What irritated me here is that the movie has the opportunity to talk about the relationship between humans and technology and how technology is affecting us as humans. The writers take stabs at it from time to time but almost in a half-hearted manner and without much consequence. There seems to be more of a reliance on car chases and fight scenes than on any real thought. On that aspect, Asimov would have been rolling in his grave had he seen what had become of his work although in all honesty there really isn’t enough of it in there to justify labeling this with Asimov’s name. This turns out to be sheer popcorn entertainment – not that there’s anything wrong with that. It’s just that it could have been so much more. And should have been.

WHY RENT THIS: Sonny is as fully-realized a character as CGI will allow. Will Smith just being Will Smith.

WHY RENT SOMETHING ELSE: Storyline weak and full of missed opportunities.

FAMILY VALUES:  Some fairly intense but stylized action sequences and brief nudity.

TRIVIAL PURSUIT: While the movie claims to be “inspired by Isaac Asimov’s I, Robot,” there is no story under that name written by Asimov. It is a collection of short stories thematically linked to the Three Laws of Robotics. The movie was originally written separately with no link to Asimov but when Fox optioned the Asimov stories it was decided to adapt the existing screenplay to include the Three Laws and add a character from Asimov’s stories.

NOTABLE HOME VIDEO EXTRAS: While the original DVD release had no additional features of consequence, the All-Access Collector’s Edition has a Director’s toolbox looking at the three main special effects houses that worked on the film and followed their specific assignments for the film. There are also interviews with Asimov’s daughter and editor discussing the late author’s views on how robots would impact the future. The toolbox feature is also available on the Blu-Ray edition in a truncated from.

BOX OFFICE PERFORMANCE: $347.2M on a $120M production budget.

COMPARISON SHOPPING: Blade Runner

FINAL RATING: 6/10

NEXT: Rid of Me

Knowing


Nicolas Cage is irate - not because the plane crashed but because he was forced to fly coach.

Nicolas Cage is irate - not because the plane crashed but because he was forced to fly coach.

(Summit) Nicolas Cage, Rose Byrne, Chandler Canterbury, D.G. Maloney, Lara Robinson, Nadia Townsend, Alethea McGrath, Danielle Carter, Adrienne Pickering, Alan Hopgood, Ben Mendelsohn, David Lennie. Directed by Alex Proyas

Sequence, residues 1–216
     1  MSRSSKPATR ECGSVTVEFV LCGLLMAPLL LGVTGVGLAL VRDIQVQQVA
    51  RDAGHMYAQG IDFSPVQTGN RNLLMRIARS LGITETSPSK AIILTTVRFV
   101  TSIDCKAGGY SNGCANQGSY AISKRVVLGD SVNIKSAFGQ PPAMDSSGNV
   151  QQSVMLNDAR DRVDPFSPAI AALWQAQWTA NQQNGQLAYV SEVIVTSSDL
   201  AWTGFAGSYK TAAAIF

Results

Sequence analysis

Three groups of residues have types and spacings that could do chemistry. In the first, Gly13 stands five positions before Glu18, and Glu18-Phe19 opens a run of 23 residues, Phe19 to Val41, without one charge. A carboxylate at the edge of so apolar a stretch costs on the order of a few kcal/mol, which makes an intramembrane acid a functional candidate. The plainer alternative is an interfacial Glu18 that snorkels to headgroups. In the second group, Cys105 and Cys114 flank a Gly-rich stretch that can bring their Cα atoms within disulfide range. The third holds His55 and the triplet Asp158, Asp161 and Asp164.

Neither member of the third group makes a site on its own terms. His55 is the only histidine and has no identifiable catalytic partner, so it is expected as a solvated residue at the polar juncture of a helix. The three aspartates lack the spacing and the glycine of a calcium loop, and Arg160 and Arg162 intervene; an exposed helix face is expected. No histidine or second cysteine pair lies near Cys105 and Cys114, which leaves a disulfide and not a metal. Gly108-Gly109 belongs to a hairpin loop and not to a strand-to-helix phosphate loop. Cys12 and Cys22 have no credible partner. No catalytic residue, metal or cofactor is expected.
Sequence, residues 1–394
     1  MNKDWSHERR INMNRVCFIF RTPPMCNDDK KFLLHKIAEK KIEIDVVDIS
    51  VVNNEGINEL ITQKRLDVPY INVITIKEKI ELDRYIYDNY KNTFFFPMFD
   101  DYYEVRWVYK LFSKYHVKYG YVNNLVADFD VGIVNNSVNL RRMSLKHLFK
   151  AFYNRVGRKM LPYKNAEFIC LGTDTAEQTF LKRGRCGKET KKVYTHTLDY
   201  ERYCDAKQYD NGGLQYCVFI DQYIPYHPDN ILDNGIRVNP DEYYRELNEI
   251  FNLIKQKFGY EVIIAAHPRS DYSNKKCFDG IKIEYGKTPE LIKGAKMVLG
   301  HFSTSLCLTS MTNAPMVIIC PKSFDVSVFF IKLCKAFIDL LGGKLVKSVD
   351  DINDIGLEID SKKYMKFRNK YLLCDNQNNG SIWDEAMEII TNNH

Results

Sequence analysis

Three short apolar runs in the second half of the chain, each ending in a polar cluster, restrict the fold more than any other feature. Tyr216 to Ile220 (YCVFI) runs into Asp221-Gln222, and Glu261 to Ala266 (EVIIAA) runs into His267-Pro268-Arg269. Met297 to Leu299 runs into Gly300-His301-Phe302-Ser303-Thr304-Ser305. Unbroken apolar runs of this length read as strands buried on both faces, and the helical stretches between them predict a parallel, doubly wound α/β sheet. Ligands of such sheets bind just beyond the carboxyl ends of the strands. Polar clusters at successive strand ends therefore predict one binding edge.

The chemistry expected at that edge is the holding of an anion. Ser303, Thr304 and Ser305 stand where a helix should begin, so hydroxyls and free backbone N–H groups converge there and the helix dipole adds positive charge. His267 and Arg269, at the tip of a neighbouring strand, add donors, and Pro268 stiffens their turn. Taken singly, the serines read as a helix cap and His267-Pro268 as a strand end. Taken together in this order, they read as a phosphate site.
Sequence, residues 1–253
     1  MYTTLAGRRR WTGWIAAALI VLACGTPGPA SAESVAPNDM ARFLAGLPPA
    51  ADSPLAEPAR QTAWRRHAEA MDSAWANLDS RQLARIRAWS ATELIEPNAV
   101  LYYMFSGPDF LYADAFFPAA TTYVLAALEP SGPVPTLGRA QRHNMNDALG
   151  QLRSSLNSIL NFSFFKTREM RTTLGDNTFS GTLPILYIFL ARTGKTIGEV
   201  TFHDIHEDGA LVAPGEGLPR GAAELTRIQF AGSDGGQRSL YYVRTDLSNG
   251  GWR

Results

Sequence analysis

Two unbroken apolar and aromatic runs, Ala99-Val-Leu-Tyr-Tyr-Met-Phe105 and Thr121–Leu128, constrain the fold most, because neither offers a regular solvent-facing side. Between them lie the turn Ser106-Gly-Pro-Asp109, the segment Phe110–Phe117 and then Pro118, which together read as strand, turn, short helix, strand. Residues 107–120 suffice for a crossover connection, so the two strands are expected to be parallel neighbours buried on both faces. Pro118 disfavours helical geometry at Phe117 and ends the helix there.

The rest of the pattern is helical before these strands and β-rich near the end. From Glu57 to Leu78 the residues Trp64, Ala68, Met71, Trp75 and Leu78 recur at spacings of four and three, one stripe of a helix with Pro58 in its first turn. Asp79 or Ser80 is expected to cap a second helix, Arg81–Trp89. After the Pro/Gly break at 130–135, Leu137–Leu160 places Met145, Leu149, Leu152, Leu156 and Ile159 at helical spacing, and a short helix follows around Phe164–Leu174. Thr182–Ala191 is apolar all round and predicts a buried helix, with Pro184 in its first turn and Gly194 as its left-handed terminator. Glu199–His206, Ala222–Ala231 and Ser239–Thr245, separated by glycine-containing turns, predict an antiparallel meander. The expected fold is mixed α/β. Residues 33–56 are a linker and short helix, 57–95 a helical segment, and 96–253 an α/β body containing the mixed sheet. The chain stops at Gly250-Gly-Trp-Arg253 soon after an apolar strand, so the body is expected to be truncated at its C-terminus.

We are all of us curious to one degree or another about the future. It is the infinite unknown, and yet we are all touched by it. After all, we are all meant to live in it, although sooner or later our future comes to a halt, and then we die. While we are curious about our future, we are less curious about the nature of our own demise. After all, who wants to know how and when they are to meet their maker? Would knowing make any difference whatsoever?

It is 1959 and the William Dawes Elementary School has opened its doors for the very first time. Miss Taylor (Carter), a teacher there, is pleased and delighted that one of the students in her class was responsible for the idea that was selected to mark the occasion; a time capsule to which all the students would submit drawings of what they thought the future would look like. The winning student, Lucinda (Robinson), is an odd sort; quiet and distracted, she is tormented by the sound of whispering voices which only she can hear. While her classmates are drawing rocket ships and robot, she is furiously, almost mechanically, writing a sequence of seemingly random numbers. A little unnerved, Miss Taylor puts her sheet of numbers into an envelope, and along with all the other envelopes, into the time capsule where it will remain sealed in the ground.

It is 2009 and young Caleb Koestler (Canterbury), a student at Dawes, is preparing for the anniversary celebration the next day. His father John (Cage), an astrophysics professor at M.I.T., is grieving the loss of Caleb’s mother (Pickering) in a hotel fire the previous year. While he appears to be functioning, he’s numbing himself out with alcohol and musing on whether the universe is orderly, marching along to a plan, or is simply a random sequence of coincidences which ultimately has no meaning.